Congresswoman Clare Boothe Luce (1903-1987) gave a forty minute speech before Congress on February 9, 1943. She criticized Vice President Henry Wallace’s global post-war plans. “Much of what Mr. Wallace calls his global thinking is, no matter how you slice it, still ‘globaloney.’” said Luce. The coined word “globaloney” (global + baloney) to mean “global nonsense” became immediately popular.
Another “global” slang term is “globull” (global + bull), popularized in the 2000s in the term “globull warming.”
Wikipedia: Clare Boothe Luce
Clare Boothe Luce (April 10, 1903, New York City – October 9, 1987, Washington D.C.) was an American playwright, editor, journalist, ambassador, socialite and U.S. Congresswoman, representing the state of Connecticut.
(Oxford English Dictionary)
Pronunciation: Brit. /ˌgləʊbəˈləʊni/ , U.S. /ˈˌgloʊbəˈloʊni/
Forms: 19– globaloney, 19– globalony.
Etymology: Blend of global adj.and baloney n. and int.
orig. and chiefly U.S.
Nonsensical or absurd talk or ideas concerning global issues.
1943 C. B. Luce in Congress. Rec. 9 Feb. 761/3 Much of what Mr. Wallace calls his global thinking is, no matter how you slice it, still ‘globaloney’.
1950 Jrnl. Amer. Statist. Assoc. 45 346 We must beware of any form of ‘globaloney’.
1984 S. Terkel Good War (1985) iii. iv. 351 Barnes invented the term One World, which he wrote for Wendell Willkie. It was described as globaloney.
10 February 1943, New York (NY) Times, pg. 27:
AMERICAN AIR RULE
URGED BY MRS. LUCE
In First House Speech She
Calls Wallace’s Views of Sky
“Freedom” Just “Globaloney”
FOR AVIATION COMMITTEE
Congresswoman Backs Reso-
lutions for Group to Foster
WASHINGTON, Feb. 9—American control of the air must prevail after the war, instead of the Administration’s “freedom of the air” policy, Representative Clare Boothe Luce told the House today, if United States aviation was to ensure the peace and prevent a third World War. More than 150 members, including many Democrats, remained at 6:15 P. M. to hear the playwright’s first address in the House.
Mrs. Luce demanded the formation of a committee of aviation experts to safeguard the nation’s air interests, which, she said, are “challenged.” Her thirty-minute speech, extended to forty by the Speaker, was occasioned by a resolution before the House for a permanent standing committee on civil and commercial aviation.
Characterizing much of Vice President Wallace’s “global thinking” as “globaloney,” Mrs. Luce said that “usually the higher the plane Mr. Wallace puts his economicc arguments upon, the lower, it turns out, American living standards will fall.”
11 February 1943, New York (NY) Times, pg. 40:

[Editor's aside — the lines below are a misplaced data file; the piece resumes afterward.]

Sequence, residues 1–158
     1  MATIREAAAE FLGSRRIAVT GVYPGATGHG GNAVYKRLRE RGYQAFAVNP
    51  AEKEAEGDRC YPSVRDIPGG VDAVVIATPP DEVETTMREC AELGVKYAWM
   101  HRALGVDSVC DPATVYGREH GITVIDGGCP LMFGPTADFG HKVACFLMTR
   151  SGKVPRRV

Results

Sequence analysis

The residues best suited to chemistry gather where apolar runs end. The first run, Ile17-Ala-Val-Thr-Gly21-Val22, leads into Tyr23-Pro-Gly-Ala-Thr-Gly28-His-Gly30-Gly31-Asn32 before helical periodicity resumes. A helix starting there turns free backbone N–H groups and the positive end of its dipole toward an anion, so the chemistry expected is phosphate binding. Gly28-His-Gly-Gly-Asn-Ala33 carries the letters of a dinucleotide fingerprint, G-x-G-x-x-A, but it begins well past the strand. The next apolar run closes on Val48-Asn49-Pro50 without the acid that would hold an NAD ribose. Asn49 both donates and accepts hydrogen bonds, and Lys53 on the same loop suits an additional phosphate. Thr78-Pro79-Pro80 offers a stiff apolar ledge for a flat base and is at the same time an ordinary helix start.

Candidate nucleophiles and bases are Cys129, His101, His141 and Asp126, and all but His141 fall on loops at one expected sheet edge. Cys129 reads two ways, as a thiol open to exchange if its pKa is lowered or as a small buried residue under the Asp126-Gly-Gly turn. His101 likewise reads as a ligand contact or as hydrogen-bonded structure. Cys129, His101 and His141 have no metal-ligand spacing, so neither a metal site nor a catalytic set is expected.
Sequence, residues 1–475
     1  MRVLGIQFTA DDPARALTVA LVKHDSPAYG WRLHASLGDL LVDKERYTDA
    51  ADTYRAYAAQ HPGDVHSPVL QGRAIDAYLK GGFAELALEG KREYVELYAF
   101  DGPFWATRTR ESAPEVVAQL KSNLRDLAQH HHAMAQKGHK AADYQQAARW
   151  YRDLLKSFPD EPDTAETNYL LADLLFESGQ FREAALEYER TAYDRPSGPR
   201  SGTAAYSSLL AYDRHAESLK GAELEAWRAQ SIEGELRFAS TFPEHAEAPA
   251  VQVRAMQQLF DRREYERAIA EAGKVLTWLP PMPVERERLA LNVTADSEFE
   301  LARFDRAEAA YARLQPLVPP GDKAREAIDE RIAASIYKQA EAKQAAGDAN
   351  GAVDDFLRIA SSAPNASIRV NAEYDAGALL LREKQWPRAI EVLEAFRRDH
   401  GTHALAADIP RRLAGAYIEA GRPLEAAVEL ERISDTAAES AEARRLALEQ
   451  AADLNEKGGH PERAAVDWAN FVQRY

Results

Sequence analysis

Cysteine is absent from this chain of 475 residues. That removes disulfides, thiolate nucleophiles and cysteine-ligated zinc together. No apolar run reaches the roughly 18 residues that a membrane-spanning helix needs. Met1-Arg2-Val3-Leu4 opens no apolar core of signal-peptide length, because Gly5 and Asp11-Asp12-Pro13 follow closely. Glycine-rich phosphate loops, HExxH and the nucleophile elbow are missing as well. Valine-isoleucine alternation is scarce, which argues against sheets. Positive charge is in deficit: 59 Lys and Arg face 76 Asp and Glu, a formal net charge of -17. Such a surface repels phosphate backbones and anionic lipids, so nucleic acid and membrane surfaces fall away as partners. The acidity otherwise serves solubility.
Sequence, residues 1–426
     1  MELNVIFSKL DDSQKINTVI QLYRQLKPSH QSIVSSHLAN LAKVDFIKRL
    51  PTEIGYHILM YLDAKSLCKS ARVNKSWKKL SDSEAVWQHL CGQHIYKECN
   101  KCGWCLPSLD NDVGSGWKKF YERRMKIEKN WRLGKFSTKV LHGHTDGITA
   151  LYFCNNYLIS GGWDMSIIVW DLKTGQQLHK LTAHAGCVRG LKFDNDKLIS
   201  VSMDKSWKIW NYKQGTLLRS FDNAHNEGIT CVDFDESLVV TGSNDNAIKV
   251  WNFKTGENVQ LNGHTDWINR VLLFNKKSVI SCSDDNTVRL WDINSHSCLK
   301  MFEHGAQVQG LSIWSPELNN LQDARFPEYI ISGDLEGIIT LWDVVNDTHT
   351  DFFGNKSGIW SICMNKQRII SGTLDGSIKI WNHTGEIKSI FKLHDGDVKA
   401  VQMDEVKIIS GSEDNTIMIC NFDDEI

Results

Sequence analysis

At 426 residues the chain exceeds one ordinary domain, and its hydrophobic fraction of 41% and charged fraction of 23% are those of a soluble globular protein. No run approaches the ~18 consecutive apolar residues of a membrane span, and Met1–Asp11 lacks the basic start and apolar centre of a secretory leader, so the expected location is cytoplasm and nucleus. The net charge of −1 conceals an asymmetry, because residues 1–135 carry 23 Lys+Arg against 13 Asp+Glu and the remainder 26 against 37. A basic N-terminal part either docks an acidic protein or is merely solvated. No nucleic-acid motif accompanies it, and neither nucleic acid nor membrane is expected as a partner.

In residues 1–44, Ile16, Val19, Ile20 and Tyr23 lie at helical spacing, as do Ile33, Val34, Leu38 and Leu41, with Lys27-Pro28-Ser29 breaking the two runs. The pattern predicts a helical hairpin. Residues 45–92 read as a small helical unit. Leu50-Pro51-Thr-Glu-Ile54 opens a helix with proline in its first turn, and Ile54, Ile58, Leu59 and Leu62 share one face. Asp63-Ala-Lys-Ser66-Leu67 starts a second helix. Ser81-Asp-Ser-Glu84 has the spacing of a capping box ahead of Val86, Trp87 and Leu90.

Wallace Hits Back at Mrs. Luce for Speech;
First Lady Joins In, Backs His Global View
WASHINGTON, Feb. 10—Vice President Wallace, whose thinking was described by Representative Clare Boothe Luce as “globaloney” in a House speech yesterday, issued a statement of reply today and Mrs. Franklin D. Roosevelt simultaneously aligned herself on his side.
Mr. Wallace suggested in a one-paragraph statement that the Connecticut Republican must have been speaking as an individual, certainly not for her party.
13 February 1943, New York (NY) Times, pg. 13:
LADY ASTOR GIBES
Says Mrs. Luce’s Reference Is
“Like a Very Stylish and
LONDON, Feb. 12 (U.P.)—The American-born Viscountess Asotr, M. P., said today of Representative Calre Boothe Luce’s reference to Vice President Wallace’s global thinking as globaloney:
“Clare Luce’s ‘globaloney’ is too smart for me. It’s like a very stylish and ridiculous hat.”
She gave this advice as a veteran to Mrs. Luce, just starting in politics:
“People who start out to be sensational usually don’t last long.”
Google News Archive
27 February 1943, Spartanburg (SC) Herald, Walter Winchell column, pg. 4, col. 3:
The current curt and clear counter-coining being directed at once lucid (still lovely) Clare Luce, moves Herb Lyon to this: “In retaliation for her neatly-phrased, poorly-constructed ‘globaloney,’” he says, “I’d dub her Congressional tea-room chatter ‘Filly-bluster!’”
11 March 1943, New York (NY) Times, pg. 11:
Calls “Globaloney” “Luce-Ends”
WASHINGTON, March 10 (U.P.)—The phrase coined by Representative Clare Boothe Luce of Connecticut, was answered by another woman today. Mrs. Viena Johnson of Saint Paul, executive secretary of the Minnesota Farm Labor Association, told the National Committee for the Abolition of the Poll Tax that the people were grasping for the proof that after this war there was going to be a better world. She defended the post-war aims of Vice President Wallace and added: “The Congressmen and Congresswomen who talk of ‘globaloney’ are floundering at ‘luce-ends.’”
3 September 1943, New York (NY) Times, pg. 8:
“GLOBALONEY” IS DEFINED
Mrs. Luce Says Word She Coined
Means “Global Nonsense”
MIAMI, Fla., Sept. 2 (AP)—Representative Clare Booth Luce told The Daily News in a letter today that she had decided to stop waiting for a lexicographer to define “globaloney,” the much-debated word she coined, and do the job herself, as follows:
“Globaloney is derived from two words—global, meaning world wide, and baloney, a type of sausage and also a type of nonsense or hooey.
“In other words, globaloney means nonsense on a global scale. It does not, in any sense, condemn or deride the ideals for which the United Nations are fighting. It does not predict chaos in the post-war world, the failure of a sensible system of collective security or discord among the United Nations. It was coined to point out that some of the proposals for the post-war world were so much global nonsense.”
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